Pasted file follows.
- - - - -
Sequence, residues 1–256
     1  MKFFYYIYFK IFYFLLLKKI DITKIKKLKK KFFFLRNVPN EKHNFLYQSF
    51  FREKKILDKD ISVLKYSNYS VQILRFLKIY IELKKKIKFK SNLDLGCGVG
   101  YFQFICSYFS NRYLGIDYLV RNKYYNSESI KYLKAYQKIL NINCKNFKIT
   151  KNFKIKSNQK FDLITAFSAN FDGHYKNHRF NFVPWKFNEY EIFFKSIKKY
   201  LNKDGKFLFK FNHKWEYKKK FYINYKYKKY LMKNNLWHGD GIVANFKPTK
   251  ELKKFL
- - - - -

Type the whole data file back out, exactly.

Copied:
Sequence, residues 1–256
     1  MKFFYYIYFK IFYFLLLKKI DITKIKKLKK KFFFLRNVPN EKHNFLYQSF
    51  FREKKILDKD ISVLKYSNYS VQILRFLKIY IELKKKIKFK SNLDLGCGVG
   101  YFQFICSYFS NRYLGIDYLV RNKYYNSESI KYLKAYQKIL NINCKNFKIT
   151  KNFKIKSNQK FDLITAFSAN FDGHYKNHRF NFVPWKFNEY EIFFKSIKKY
   201  LNKDGKFLFK FNHKWEYKKK FYINYKYKKY LMKNNLWHGD GIVANFKPTK
   251  ELKKFL